Once the picture is taken you develop the negative in a darkroom. The gallery had a tent set up for this and you could go in and watch your photo developing. The paper we used today – rather than film – needed a soak in a liquid to develop it, and as it’s soaking the image starts to appear, as a negative. Once it’s ready, you have to stop the crystals from reacting to the light by putting the photo into another liquid (two different ones actually), then drying it out. The photo just looked like a blob to start with and I didn’t think it had worked, but once it had been scanned into a laptop and inverted from the negative, amazingly I could see the outline of my shoulder and face. I turned my head half way through the exposure in the hope that I’d look like I had two faces, but I probably should have stayed still, I don’t think the exposure was quite long enough.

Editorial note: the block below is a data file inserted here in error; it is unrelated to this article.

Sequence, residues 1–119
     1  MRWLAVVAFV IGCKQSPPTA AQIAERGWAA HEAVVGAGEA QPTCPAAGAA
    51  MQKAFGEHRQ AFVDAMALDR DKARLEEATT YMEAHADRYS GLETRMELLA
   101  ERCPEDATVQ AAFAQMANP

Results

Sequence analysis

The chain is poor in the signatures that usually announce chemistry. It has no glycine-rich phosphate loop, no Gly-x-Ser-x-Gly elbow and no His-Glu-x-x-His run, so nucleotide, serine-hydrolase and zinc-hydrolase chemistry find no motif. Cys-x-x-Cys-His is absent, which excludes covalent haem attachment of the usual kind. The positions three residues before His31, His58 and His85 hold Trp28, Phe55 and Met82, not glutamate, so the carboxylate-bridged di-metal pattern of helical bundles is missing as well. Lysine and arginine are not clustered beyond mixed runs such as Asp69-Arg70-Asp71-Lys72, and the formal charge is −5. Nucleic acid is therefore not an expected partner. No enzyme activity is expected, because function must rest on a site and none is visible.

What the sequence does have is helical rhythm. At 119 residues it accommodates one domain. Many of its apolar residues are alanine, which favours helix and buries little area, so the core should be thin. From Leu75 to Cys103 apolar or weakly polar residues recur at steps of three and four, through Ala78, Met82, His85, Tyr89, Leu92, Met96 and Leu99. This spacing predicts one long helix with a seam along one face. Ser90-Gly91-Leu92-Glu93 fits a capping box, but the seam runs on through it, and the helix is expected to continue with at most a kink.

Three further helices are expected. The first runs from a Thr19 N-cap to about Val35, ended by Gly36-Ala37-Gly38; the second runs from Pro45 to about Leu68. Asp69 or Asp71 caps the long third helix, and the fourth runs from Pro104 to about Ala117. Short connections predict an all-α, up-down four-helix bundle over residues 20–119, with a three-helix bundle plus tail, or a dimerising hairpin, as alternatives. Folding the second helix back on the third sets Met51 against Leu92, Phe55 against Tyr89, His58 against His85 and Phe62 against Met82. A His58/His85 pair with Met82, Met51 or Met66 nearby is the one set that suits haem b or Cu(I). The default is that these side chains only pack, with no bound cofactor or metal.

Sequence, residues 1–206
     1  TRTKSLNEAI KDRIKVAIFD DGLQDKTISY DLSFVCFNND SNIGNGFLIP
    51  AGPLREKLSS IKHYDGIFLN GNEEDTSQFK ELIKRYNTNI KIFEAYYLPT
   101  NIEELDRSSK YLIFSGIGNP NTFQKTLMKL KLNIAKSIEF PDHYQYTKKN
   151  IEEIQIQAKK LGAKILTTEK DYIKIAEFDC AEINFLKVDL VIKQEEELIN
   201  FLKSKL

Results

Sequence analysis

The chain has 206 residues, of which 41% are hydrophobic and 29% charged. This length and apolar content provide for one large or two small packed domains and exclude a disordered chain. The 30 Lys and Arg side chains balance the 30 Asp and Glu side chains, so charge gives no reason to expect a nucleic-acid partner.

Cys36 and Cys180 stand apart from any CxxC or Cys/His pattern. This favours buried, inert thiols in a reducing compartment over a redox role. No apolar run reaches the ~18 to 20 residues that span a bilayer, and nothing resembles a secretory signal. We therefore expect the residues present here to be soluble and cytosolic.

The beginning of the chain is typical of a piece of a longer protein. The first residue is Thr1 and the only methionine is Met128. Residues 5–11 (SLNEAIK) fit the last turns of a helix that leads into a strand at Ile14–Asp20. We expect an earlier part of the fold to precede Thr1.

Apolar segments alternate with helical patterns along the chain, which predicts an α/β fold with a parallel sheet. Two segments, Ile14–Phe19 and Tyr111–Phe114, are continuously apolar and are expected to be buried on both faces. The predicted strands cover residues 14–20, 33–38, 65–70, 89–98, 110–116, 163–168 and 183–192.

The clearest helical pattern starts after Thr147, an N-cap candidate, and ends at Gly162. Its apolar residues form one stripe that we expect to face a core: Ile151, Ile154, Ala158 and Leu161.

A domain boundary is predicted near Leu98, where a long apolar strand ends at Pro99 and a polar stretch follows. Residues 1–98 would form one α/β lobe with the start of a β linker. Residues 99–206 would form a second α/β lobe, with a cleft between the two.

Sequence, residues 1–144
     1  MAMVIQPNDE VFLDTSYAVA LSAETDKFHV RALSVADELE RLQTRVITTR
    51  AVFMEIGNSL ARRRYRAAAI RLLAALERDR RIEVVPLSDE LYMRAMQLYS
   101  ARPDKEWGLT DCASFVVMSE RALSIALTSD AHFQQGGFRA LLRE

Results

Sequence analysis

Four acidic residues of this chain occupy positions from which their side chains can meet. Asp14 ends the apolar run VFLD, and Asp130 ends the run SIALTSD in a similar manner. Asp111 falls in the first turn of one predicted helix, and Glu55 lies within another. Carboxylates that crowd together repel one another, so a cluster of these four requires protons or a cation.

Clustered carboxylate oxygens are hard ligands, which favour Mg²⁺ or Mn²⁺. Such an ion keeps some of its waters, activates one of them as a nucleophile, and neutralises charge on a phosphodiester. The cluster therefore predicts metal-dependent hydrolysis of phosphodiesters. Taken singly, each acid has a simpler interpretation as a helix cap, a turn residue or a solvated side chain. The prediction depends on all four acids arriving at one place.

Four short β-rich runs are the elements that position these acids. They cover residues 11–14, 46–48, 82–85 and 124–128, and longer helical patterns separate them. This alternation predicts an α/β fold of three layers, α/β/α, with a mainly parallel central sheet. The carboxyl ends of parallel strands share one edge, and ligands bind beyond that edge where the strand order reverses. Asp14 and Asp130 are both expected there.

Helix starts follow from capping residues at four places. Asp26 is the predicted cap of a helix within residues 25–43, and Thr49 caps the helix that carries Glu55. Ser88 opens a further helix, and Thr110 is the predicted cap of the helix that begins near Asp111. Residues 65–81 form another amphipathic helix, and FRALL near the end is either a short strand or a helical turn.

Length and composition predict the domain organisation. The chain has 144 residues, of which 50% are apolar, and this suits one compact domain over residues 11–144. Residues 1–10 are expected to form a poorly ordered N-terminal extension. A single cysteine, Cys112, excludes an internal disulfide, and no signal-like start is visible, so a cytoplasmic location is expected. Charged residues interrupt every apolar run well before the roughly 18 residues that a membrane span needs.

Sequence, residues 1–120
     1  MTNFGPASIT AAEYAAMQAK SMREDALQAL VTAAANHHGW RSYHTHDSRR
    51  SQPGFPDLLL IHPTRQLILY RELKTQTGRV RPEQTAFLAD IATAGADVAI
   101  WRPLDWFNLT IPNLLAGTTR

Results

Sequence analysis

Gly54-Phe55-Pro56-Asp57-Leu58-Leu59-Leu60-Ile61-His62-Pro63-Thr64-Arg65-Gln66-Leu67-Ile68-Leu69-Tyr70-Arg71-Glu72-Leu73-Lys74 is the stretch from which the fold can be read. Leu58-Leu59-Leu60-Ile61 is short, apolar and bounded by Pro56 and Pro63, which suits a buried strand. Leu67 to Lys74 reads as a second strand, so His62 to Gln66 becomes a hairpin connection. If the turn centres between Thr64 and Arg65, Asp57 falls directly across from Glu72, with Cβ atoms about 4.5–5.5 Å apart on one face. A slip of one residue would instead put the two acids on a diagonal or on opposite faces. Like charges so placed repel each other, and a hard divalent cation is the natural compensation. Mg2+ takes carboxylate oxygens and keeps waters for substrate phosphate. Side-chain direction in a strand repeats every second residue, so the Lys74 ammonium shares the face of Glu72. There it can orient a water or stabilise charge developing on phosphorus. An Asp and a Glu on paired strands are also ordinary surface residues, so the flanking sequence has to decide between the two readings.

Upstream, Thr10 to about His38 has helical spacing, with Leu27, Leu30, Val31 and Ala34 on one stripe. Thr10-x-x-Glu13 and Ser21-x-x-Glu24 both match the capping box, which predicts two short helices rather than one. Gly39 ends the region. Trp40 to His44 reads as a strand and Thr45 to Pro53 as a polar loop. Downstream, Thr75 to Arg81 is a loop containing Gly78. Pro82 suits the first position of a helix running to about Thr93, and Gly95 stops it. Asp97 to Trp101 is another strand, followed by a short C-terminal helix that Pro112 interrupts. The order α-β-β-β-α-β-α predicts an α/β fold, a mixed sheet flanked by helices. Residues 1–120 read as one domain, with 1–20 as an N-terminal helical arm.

That said, I like the picture. It’s a bit odd, which makes it interesting. And there’s something quite exciting about making a camera yourself using such basic materials and creating an actual, physical photo with them. I rarely get my photos developed these days, and when I do – recently that’s only been when I’ve used film – it’s quite exciting picking them up and seeing how they’ve turned out. Creating an image like I did tonight is better as you get to see the photo  as it’s turning out, not just when it’s done. You really feel like you’ve made the photo, in a different way to shooting digital, or even film. It’s a bit of a gamble about whether it will turn out, it takes a while, it’s a bit fiddly, it’s not perfect, and it’s not predictable (at least, not until you’ve made yourself a decent camera), but that’s why it’s also so much fun. If I can suss out how to create a darkroom at home I’ll definitely try it again.

a lorra, lorra parrots in Loro Parque